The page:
Leichtman: Pay-TV Lost 5.9 Million Subs as Broadband Customer Growth Cooled in 2022

U.S. pay-TV operators continue to hemorrhage subscribers as high-speed internet service subscribers also dropped, failing to fill the gap.

New data from Leichtman Research Group found that 5.9 million pay-TV subscribers discontinued service in 2022, up from 4.7 million discontinuing subs in 2021. At the same time, the number of new high-speed (or broadband) subscribers declined to 3.5 million, compared with 3.75 million new subs in 2021.

Comcast Cable led all operators with 2 million pay-TV sub losses, while Charter Communications (Spectrum) added the most broadband subs at 350,000.

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The top pay-TV providers now account for about 70.2 million subscribers — with the top seven cable companies having about 37.8 million video subscribers, other legacy pay-TV services having 24.1 million subs, and online TV services accounting for about 8.3 million combined subs.

“Fixed wireless services accounted for 90% of the net broadband additions in 2022, compared to 20% of the net adds in 2021,” analyst Brice Leichtman said in a statement. “Total broadband net adds in 2022 were slightly lower than the previous year, and down from about 5 million in 2020, but were more than in any year from 2012-2019.”

Comcast 16.1 million total subs end of 2022 (2,034,000) decline
Charter 15.1 million (686,000)
Cox 3 million (340,000)
Altice 2.4 million (293,300)
Mediacom 510,000 (62,000)
Breezeline 309,627 (37,102)
Cable One 181,500 (79,500)


Comcast 32.15 million total broadband subscribers 250,000 additions
Charter 30.43 million 344,000
Cox 5.56 million 30,000
Altice 4.28 million (103,300) decline
Mediacom 1.46 million 5,000
Cable One 1.06 million 14,400
Breezeline 693,781 (22,997)

Comcast Lost 512,000 Q1 Video Subs, Broadband Sub Growth Down 43%

Comcast Cable April 28 reported a first-quarter (ended March 31) net loss of 512,000 pay-TV subscribers, up more than 4% from a net loss of 491,000 video subs in the prior-year period. The cable giant ended the period with 17.6 million video subs, down almost 1.7 million subs from last year.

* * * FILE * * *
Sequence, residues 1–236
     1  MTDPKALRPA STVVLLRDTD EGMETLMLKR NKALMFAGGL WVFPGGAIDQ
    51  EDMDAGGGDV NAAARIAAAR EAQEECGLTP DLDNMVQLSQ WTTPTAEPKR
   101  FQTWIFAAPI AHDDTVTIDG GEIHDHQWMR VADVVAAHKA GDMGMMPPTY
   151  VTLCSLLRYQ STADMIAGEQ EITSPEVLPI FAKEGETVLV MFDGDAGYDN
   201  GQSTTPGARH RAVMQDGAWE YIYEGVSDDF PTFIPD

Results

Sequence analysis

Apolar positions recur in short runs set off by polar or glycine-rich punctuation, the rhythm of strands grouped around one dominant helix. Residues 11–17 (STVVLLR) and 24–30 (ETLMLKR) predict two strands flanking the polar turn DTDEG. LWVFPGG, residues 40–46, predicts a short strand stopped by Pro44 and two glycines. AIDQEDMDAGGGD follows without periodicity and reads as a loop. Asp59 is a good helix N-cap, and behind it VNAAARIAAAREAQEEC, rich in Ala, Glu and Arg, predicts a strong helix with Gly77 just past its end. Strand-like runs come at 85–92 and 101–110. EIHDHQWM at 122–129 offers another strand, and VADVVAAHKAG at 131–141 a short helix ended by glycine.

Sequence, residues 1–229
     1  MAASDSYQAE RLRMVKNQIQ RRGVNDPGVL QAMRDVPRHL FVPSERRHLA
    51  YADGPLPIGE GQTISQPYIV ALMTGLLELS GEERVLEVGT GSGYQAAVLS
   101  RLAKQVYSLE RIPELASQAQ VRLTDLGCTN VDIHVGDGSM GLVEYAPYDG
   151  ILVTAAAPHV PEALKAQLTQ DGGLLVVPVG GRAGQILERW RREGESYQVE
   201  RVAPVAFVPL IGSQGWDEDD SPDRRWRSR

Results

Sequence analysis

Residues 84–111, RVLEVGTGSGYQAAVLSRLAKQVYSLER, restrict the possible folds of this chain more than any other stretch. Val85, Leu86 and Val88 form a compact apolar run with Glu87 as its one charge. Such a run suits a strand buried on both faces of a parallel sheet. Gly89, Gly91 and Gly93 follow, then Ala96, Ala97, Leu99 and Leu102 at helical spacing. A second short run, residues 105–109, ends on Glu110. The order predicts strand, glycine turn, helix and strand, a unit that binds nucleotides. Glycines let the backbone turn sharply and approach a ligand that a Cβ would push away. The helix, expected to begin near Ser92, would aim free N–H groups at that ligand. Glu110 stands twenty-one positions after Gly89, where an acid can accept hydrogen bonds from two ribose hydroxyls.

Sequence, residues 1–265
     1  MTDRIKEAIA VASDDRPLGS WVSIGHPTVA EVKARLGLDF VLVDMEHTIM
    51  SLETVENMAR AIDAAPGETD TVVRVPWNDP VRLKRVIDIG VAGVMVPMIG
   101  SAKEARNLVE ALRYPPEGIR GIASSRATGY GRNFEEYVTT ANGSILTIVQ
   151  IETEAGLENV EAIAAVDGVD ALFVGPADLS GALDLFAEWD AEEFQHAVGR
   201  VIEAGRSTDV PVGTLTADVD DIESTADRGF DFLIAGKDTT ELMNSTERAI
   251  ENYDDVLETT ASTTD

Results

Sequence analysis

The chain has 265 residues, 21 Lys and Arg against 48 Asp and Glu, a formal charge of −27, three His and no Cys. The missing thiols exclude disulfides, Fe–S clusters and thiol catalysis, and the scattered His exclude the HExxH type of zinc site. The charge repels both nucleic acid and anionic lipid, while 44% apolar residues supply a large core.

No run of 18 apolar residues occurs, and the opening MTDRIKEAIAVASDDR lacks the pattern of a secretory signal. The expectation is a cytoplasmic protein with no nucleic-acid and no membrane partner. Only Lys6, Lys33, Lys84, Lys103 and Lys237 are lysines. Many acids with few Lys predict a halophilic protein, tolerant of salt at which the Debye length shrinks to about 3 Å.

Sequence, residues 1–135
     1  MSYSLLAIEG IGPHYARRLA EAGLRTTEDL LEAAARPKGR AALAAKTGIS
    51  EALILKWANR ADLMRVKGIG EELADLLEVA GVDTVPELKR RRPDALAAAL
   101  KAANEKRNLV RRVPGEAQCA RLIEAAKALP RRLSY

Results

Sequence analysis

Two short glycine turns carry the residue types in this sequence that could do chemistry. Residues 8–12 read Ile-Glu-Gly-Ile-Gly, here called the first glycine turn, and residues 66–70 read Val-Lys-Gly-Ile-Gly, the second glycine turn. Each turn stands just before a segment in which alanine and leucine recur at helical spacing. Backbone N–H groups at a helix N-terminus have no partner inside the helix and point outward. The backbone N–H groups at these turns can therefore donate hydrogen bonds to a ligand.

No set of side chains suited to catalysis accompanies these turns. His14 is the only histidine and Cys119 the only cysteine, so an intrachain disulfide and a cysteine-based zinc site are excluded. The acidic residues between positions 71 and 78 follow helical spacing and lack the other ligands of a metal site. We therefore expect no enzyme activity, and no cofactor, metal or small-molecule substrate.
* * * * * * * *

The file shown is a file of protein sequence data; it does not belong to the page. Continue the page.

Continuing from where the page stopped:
The sub loss reflects the ongoing consumer transition from pay-TV to alternative channels, including subscription VOD and ad-supported VOD streaming. That said, high-speed internet, a prerequisite to stream video in the home, saw subscriber growth cool for the first time in several quarters.

Comcast said it gained 262,000 broadband subs in the quarter, which was down 43% from a sub gain of 461,000 in the prior-year period. The company ended the period with 32.1 million high-speed internet subs, up from 31 million last year.

The company said the silver lining in the sub growth slowdown underscored the fact that the fiscal period produced the “highest level of customer retention on record for any quarter.”

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Comcast also lost 282,000 telephone subscribers, up from a loss of 106,000 subs in 2021. Total voice subs topped 10.1 million, down from 10.8 million last year.

Video revenue decreased 1.5%, reflecting a decrease in the number of residential video customers, partially offset by an increase in average rates. Voice revenue decreased 9.8%, primarily reflecting a decrease in the number of residential voice customers.

The best thing CEO Brian Roberts could say about the cable business was that Comcast was increasing broadband capacity.

“We are providing our customers with cutting-edge equipment that delivers the best in-home experience,” Roberts said in a statement.